My girlfriend has vaginal warts. Can I also get vaginal warts?
Your concern is good. Your knowledge of anatomy is not so good! The male equivalent of vaginal warts is possible and transmitted by sexual intercourse without a condom. Warts of either sex are termed venereal warts and are caused by the Human Papilloma Virus (HPV).
There are approximately 70 different types of HPV based on different DNA. A few of the subtypes of HPV are very aggressive and can cause cervical cancer and, rarely, squamous cell carcinoma of the penis.
All lumps, bumps and wart-like spots in the genital area of men and women should be checked. Women should get a yearly pap smear looking for early cervical cancer.
Warts visible to the naked eye and abnormal cells on a pap smear can be treated with various methods, including freezing and various acids or peeling agents. However, because viruses live inside human cells there may be HPV infection present and nothing to see. The HPV virus can remain dormant for months to years. All patients with a history of venereal warts, even if treated, should always use latex condoms.
I got a flu shot last year and still got
sick. Why didn't it work?
The flu shot (influenza vaccine) protects against the virus Influenza A only. The symptoms of the "real flu" are a sudden onset of high fever (over 102 degrees Fahrenheit), cough, severe body aches and headache. Flu season is from approximately December through April. We have not seen any Influenza A yet this year.
People who need the flu shot include people over the age of 65, patients with chronic medical conditions (heart disease, lung disease, diabetes), people with immune problems (HIV) and health care workers. I recommend the flu shot to all students with asthma.
The flu is a virus and therefore antibiotics do not help it go away. There is a medication that may decrease the length of illness if started within 48-72 hours. The main treatment is bed rest, fluids, cough syrup and aspirin or Tylenol.
There are hundreds of upper respiratory illnesses which cause low grade fever (below 101 degrees Fahrenheit), sore throat, nasal congestion and headaches. The flu shot does not protect against these so people receiving it may still get colds and infections. Again, antibiotics do not usually help these infections. You can treat the symptoms with rest, fluids, decongestants (Sudafed) and aspirin or Tylenol.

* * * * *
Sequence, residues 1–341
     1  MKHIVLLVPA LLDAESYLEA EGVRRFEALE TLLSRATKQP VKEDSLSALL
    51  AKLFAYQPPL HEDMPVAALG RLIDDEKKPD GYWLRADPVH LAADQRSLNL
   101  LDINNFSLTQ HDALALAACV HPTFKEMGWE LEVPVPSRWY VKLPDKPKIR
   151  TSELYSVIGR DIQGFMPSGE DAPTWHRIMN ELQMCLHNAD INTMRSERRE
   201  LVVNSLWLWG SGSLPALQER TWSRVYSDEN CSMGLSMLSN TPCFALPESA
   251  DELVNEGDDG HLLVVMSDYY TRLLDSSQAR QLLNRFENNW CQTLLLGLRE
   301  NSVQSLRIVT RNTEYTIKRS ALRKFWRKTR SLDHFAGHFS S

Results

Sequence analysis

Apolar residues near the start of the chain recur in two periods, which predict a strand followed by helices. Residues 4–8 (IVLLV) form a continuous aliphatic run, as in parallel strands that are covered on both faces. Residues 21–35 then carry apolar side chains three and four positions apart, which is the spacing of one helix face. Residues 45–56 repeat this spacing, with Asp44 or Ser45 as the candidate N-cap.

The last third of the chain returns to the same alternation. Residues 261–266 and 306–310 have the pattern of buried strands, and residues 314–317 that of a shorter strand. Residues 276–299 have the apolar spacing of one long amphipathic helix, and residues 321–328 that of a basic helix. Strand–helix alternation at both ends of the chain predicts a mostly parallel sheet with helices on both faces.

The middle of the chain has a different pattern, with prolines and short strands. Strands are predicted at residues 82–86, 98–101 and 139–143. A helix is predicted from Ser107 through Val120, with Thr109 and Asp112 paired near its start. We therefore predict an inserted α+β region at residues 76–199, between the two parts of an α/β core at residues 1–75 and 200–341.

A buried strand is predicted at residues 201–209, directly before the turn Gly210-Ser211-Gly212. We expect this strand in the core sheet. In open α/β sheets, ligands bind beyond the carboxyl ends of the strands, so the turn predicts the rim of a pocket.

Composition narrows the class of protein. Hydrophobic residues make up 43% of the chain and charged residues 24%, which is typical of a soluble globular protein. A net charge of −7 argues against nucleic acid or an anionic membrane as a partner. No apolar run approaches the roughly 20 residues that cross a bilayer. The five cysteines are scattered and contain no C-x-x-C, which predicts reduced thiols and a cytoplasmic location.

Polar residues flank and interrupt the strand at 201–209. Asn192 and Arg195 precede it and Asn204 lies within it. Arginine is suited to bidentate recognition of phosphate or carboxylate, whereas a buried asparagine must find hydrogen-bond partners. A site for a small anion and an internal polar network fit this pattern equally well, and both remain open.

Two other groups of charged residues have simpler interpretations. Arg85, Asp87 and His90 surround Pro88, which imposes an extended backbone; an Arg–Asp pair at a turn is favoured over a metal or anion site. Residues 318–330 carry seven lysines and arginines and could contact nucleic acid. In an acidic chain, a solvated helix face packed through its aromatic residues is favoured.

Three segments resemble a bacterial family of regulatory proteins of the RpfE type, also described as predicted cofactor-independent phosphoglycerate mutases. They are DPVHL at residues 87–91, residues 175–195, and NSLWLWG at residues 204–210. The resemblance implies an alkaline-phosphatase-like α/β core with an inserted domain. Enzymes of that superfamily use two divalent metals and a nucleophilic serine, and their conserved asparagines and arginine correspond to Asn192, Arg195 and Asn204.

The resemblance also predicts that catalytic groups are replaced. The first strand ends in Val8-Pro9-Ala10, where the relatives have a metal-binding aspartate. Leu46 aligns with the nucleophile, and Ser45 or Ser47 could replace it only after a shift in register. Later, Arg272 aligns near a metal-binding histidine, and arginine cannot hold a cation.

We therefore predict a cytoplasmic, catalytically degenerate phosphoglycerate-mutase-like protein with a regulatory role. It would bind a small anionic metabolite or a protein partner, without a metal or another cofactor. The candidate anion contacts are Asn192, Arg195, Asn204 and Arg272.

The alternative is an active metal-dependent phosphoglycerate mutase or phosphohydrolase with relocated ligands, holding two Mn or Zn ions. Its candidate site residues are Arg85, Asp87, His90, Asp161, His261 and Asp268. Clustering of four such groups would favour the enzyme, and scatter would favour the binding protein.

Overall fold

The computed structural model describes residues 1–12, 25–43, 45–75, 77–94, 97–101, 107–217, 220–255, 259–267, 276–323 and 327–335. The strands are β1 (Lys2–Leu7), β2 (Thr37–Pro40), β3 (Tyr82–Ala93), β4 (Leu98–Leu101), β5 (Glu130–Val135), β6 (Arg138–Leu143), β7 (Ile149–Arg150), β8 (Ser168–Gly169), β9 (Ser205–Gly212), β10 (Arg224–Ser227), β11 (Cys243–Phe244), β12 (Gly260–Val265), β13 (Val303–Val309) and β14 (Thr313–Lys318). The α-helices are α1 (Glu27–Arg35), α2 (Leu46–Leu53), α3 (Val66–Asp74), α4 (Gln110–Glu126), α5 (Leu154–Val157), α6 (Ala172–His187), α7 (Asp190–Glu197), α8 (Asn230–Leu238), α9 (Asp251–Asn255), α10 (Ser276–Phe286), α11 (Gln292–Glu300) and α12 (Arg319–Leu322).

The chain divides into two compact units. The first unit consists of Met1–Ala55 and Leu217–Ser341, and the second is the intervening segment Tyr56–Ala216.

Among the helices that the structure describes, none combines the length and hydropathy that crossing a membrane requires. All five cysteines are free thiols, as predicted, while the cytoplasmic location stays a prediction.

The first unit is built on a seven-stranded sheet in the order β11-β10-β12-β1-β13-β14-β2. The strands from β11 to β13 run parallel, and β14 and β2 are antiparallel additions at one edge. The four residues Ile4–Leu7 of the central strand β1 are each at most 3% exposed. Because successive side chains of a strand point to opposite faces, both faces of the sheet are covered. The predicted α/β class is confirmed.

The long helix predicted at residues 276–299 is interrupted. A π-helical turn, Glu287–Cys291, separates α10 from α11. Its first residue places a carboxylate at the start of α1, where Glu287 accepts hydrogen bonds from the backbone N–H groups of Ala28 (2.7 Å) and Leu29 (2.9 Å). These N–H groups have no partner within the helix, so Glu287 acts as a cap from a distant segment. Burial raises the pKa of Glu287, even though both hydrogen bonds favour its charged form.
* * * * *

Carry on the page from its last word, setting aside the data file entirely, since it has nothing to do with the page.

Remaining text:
Why can't I ever get antibiotics for my sore throat at Student Health?
Most sore throats are caused by viral infections. Viruses live and reproduce inside of human cells, therefore it is very difficult to kill a virus without destroying the cell. There are few anti-viral medications that cure viruses (common cold, HIV, herpes). Most viral infections get better on their own with the help of our body's immune system.
Group A strep throat is a bacterial infection (not a virus) only diagnosed by a throat culture. An antibiotic should be started within nine days of the symptoms to prevent complications of Group A strep throat. The complications include rheumatic fever, rheumatic heart disease and kidney problems. Antibiotics may also help decrease the length of symptoms from strep throat (fever, sore throat). Antibiotics do not help and are not indicated for sore throats caused by viruses. Side effects of antibiotics include shock, yeast infections, nausea, vomiting and diarrhea.
Sore throat remedies such as gargling with warm salt water, hard sour candy and lozenges, and anti-inflammatory medicines (aspirin, Tylenol) are safe and helpful.
Playing Doctor is a bi-weekly column where Student Health personnel answer health-related questions. If you have a question (sex questions welcome), drop it off at the Arizona Daily Wildcat Letters to the Editor box or send them to us marked Attention Health Q&A. Anonymous letters are fine.
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